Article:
However, an employer can choose to pay an employee SSP – or a higher rate of sick pay – if they choose to.

Employers can also consider other options, including putting an employee on furlough for the time they're self-isolating (this would have to be a minimum of three weeks in line with furlough policy), if both parties agree.

Are you entitled to any other form of financial support?

Despite not being eligible for SSP, Downing Street has said that holidaymakers who miss out on work because of the quarantine period may be eligible for Universal Credit or employment support allowance.

The prime minister’s official spokesperson reiterated that the government expects employers to be “flexible” in allowing staff to work from home while self-isolating.

“Where this isn’t possible we would expect that many employers would have their own policies in place for quarantine and we know that some continue to offer full pay for all or some of the isolation period,” they added.

“But if there are people who need urgent support then they may be entitled to the new-style employment support allowance or Universal Credit.”

Foreign secretary Dominic Raab has also urged bosses to follow the rules when it comes to employees having to self-isolate, adding that people should not be penalised for adhering to the law.

“If someone has followed the law in relation to quarantine and self-isolating in the way that they should, they can’t have penalties taken against them,” Mr Raab told Sky News.

“You cannot be penalised in this country lawfully for following the rules and the law that’s in place and obviously we expect employers to respond flexibly and in an understanding way to those who, let’s face it, have enforced on them because of the risk that we’ve seen in Spain, those quarantine rules.”

What happens if you are already on holiday?

Many holiday makers were already in Spain when the UK government ordered a 14-day quarantine for returning visitors.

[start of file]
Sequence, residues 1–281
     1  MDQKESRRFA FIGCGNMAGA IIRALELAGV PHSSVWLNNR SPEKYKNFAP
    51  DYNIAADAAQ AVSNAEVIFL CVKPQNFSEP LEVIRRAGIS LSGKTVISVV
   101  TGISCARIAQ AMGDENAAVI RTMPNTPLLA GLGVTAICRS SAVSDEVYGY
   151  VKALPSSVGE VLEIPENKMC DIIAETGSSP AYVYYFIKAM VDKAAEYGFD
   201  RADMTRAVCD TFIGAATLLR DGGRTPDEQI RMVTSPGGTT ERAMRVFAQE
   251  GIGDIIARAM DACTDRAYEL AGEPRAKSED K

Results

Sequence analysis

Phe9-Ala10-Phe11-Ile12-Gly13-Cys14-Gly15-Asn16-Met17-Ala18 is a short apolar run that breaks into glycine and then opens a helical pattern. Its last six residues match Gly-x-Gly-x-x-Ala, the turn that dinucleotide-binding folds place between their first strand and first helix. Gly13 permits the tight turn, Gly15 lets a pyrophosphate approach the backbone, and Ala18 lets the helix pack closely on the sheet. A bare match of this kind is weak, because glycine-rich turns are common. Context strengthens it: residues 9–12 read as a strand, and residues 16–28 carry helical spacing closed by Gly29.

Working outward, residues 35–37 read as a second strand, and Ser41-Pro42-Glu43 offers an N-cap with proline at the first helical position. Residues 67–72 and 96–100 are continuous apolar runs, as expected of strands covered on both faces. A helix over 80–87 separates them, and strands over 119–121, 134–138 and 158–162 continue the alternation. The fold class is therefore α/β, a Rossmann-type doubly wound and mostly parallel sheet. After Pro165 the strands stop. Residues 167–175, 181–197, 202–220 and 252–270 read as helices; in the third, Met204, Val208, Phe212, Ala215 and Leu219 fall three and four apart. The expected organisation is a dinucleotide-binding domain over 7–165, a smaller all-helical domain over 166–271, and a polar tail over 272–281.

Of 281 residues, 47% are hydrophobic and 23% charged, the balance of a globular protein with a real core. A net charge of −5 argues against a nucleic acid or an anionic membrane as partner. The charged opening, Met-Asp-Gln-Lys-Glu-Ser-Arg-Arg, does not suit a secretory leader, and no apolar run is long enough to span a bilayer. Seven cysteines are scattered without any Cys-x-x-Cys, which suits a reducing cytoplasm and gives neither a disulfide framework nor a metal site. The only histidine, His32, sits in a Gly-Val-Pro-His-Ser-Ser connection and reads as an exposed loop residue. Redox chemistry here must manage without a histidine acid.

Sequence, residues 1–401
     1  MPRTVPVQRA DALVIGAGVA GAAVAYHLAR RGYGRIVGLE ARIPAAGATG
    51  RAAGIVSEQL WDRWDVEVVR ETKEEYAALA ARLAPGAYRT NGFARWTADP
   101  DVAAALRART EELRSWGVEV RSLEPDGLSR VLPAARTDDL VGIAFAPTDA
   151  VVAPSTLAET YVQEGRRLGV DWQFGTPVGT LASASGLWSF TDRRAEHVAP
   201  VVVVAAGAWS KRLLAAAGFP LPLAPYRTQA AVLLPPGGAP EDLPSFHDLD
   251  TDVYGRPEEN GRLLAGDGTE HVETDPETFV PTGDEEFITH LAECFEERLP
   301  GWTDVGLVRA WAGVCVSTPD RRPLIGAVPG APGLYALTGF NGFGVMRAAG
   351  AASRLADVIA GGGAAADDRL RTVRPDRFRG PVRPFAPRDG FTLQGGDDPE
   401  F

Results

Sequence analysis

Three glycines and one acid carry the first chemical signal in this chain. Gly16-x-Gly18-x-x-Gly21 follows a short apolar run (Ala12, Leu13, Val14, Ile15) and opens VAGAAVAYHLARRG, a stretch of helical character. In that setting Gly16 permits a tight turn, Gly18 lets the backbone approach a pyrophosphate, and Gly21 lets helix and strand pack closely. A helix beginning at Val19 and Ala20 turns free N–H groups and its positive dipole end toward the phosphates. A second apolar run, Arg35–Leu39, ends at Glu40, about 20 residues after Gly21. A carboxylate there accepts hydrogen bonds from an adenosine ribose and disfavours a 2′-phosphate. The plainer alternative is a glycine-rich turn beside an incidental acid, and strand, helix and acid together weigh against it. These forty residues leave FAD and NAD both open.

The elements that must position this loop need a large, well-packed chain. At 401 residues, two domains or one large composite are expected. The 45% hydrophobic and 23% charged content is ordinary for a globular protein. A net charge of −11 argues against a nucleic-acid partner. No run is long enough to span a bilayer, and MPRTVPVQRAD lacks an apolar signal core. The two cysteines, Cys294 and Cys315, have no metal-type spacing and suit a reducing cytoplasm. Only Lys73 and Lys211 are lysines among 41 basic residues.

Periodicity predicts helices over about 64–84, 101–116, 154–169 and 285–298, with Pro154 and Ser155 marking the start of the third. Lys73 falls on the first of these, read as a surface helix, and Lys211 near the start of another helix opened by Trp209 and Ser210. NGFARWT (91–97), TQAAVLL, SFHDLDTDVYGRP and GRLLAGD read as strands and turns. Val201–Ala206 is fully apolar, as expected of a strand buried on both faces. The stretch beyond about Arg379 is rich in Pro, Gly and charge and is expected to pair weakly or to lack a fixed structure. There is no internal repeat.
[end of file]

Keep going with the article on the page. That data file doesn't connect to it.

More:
Alan Price, CEO of BrightHR, explains that anyone currently on holiday in Spain should get in touch with their employers to ensure they understand the need to self-isolate and to agree with them how the absence will be covered.

If you have a holiday booked, you should try to discuss the options with your employer before departure.

“Employers are permitted to cancel leave that has already been authorised, and some may choose to do this to prevent the employee from travelling abroad if it is thought that the extra absence cannot be accommodated”, adds Mr Price.

When can you claim sick pay because of coronavirus?

You are entitled to claim SSP if you are unable to work and you are:

  • self-isolating because you or someone you live with has coronavirus symptoms
  • self-isolating because you have been notified by the NHS or public health authorities that you’ve come into contact with someone with coronavirus
  • staying at home because you’re at high risk of severe illness from coronavirus – in other words ‘shielding’

What happens if you break quarantine rules?

Travellers can be fined up to £1,000 for breaking quarantine rules.

However, the National Police Chiefs' Council recently confirmed that as of 20 July, only one person has been fined for not self-isolating after arriving in England.